Finland’s Sanna Marin to become world’s youngest prime minister

At just 34, the Finnish social democrat will be confirmed as the new leader on Tuesday

Sanna Marin demonstrated her leadership skills earlier this year when she stood in for former PM Antti Rinne while he was recovering from a serious illness. Photograph: Vesa Moilanen/

Sanna Marin demonstrated her leadership skills earlier this year when she stood in for former PM Antti Rinne while he was recovering from a serious illness. Photograph: Vesa Moilanen/

 

At just 34 years old, Sanna Marin is about to make history as she becomes the world’s youngest prime minister. The Finnish social democrat won her party’s backing over the weekend and is set to be confirmed on Tuesday.

Ms Marin will need to govern a five-party coalition that just ousted her predecessor, Antti Rinne, after he stumbled on several key issues. In the end, he was toppled in a dispute concerning pay at the state postal company.

Finland’s new prime minister will have a finance minister two years her junior in a new women-led coalition cabinet after a political shake-up, according to party officials.

See Statista.com
See Statista.com

Ms Marin is from the dominant Social Democrats and was nominated on Sunday. The Centre Party chief, 32-year-old Katri Kulmuni, will get the finance post when the full new cabinet is announced this week, said party members.

Finland’s government resigned last week after the Centre Party said it had lost confidence in the Social Democrat prime minister over his handling of the postal strike.

The five parties in power – four of them led by women – decided to stay in coalition and continue with the same programmes, but said there would be a reshuffle.

“We want to make the axis between the prime minister and the finance minister work,” said Ms Kulmuni . “That is the foundation for this new generation of collaboration [between the Social Democrats and the Centre Party].”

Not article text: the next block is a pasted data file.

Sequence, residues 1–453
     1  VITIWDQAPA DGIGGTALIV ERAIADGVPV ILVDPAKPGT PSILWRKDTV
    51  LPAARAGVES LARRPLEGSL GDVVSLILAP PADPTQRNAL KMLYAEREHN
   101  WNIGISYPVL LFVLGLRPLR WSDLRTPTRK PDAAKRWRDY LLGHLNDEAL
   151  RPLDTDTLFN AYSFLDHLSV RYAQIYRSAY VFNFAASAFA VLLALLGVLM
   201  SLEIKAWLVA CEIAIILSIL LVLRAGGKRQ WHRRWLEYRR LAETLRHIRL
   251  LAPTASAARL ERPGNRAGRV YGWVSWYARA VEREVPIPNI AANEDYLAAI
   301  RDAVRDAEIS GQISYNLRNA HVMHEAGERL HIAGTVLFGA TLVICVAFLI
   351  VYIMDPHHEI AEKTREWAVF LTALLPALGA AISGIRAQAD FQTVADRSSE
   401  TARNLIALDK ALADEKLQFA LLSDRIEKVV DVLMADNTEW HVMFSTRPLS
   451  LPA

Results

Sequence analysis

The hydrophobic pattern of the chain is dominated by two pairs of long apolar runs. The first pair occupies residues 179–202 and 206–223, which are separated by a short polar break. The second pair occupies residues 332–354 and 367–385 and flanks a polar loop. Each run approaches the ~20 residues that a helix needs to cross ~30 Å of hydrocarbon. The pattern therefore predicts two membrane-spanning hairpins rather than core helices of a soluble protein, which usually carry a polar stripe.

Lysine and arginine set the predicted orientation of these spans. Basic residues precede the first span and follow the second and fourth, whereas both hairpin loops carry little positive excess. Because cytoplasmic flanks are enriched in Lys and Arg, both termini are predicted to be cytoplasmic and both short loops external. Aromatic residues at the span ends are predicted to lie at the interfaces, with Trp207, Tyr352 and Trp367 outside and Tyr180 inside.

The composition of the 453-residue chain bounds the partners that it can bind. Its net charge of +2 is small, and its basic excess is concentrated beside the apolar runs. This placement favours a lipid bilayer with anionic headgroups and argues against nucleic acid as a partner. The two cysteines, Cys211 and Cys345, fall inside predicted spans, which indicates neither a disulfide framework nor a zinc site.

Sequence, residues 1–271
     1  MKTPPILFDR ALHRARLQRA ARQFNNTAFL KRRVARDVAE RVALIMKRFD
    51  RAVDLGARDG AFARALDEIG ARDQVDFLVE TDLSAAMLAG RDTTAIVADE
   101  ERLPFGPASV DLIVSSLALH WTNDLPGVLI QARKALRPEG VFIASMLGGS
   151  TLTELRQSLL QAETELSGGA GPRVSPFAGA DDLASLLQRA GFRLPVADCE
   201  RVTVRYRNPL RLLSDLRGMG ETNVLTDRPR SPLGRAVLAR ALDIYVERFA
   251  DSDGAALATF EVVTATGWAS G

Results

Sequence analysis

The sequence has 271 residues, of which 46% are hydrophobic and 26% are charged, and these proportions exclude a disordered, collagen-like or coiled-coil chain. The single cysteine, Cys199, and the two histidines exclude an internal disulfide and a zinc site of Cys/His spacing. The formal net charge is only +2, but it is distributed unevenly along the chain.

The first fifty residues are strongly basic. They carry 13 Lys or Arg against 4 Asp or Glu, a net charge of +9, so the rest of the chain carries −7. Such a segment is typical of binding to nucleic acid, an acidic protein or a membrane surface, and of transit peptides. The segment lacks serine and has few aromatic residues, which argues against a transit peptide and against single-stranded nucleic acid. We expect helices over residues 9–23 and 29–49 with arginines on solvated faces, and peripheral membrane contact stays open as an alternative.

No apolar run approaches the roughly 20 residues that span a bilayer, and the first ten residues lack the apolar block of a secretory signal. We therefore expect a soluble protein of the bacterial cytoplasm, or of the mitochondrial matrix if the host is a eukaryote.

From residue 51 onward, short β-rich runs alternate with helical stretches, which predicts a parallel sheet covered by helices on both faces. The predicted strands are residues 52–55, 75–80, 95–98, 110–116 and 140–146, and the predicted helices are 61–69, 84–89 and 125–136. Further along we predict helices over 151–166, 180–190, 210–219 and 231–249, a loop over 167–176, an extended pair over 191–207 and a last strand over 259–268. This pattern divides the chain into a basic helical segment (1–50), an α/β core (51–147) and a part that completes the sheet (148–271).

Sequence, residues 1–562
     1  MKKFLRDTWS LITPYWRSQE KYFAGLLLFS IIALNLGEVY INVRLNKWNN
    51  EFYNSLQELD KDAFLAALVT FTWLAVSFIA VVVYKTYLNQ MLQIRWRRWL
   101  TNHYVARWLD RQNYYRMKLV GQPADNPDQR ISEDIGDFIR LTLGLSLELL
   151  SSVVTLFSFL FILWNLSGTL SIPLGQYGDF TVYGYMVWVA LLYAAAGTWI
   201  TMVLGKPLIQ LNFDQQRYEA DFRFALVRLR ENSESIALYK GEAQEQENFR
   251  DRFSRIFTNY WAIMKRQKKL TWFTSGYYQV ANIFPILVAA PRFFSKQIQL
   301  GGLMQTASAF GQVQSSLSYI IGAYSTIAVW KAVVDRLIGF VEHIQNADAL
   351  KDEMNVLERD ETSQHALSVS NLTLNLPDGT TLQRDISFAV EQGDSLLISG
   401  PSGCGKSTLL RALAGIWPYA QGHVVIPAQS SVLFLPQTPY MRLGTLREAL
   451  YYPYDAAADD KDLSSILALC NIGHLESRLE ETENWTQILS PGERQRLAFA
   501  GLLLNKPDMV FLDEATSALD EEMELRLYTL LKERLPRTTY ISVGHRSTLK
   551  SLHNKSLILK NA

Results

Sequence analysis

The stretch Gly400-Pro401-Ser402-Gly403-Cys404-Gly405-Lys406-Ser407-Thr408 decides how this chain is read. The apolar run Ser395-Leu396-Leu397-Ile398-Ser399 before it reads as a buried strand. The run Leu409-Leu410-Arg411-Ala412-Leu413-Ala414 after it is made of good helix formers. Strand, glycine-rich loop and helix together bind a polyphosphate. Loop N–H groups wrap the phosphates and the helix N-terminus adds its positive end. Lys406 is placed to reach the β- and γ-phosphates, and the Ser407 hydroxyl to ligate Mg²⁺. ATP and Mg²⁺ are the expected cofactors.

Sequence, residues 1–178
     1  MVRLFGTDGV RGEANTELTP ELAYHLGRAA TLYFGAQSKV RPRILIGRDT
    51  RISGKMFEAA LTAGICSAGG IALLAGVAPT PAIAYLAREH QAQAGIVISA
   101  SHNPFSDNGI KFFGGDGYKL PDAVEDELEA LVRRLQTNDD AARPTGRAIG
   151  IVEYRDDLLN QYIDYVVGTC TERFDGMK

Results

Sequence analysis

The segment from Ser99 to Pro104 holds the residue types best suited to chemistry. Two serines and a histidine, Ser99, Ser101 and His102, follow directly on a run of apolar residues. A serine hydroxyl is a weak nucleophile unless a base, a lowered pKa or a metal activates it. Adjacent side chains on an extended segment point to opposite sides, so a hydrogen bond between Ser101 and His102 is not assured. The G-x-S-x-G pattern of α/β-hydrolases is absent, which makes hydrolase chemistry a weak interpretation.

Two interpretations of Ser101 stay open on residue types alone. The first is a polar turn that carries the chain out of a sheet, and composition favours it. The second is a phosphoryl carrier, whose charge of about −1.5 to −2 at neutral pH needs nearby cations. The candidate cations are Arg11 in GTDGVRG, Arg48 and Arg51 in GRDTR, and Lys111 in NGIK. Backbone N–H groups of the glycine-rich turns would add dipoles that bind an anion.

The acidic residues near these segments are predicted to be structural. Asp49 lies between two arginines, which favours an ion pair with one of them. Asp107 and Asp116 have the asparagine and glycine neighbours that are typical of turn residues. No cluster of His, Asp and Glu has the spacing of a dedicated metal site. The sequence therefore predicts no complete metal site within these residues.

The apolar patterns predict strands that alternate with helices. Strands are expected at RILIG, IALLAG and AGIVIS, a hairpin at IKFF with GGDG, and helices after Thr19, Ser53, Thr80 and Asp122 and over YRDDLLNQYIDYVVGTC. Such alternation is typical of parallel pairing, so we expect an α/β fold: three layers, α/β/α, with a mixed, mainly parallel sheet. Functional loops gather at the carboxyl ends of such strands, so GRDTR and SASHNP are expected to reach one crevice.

There was no immediate comment from Ms Marin, the former minister for transport.

She has had a swift rise in Finnish politics since becoming head of the city council of her industrial hometown of Tampere at the age of 27.

She will take over in the middle of a wave of strikes, which will halt production at some of Finland’s largest companies from Monday. The Confederation of Finnish Industries estimates the strikes will cost the companies a combined €500 million in lost revenue.

Ms Kulmuni, who previously held the more junior position of minister for economic affairs, replaces Mika Lintila. She took over as the head of the Centre Party from ex-prime minister Juha Sipila in September.

Third woman PM

Green Party leader Maria Ohisalo (34) will continue as minister for the interior, the Left Alliance’s chairwoman Li Andersson (32) as minister for education and the Swedish People’s Party of Finland’s Anna-Maja Henriksson (55) as minister for justice.

Mr Rinne will remain the Social Democrats leader at least until he chairs the party’s conference in June.

Ms Marin will lead a government at a younger age even than New Zealand’s premier Jacinda Ardern, who was 37 at the time of her appointment. North Korea’s Kim Jong Un was under 30 when he became supreme leader in 2011. Going further back in history, William Pitt the Younger stands out, becoming Britain’s prime minister at just 24 in 1783.

Finland’s new leader is the third woman to hold the position but she faces a tough start after Mr Rinne’s demise just six months into his first term left rifts across the government.

Ms Marin had a chance to demonstrate her leadership skills earlier this year, when she stood in for Mr Rinne while he was recovering from a serious illness.

The peculiarities of Finland’s parliamentary system led to about 60 social democrats being in a position to pick the country’s next premier. Snap elections are a distant possibility at this juncture. – Reuters/Bloomberg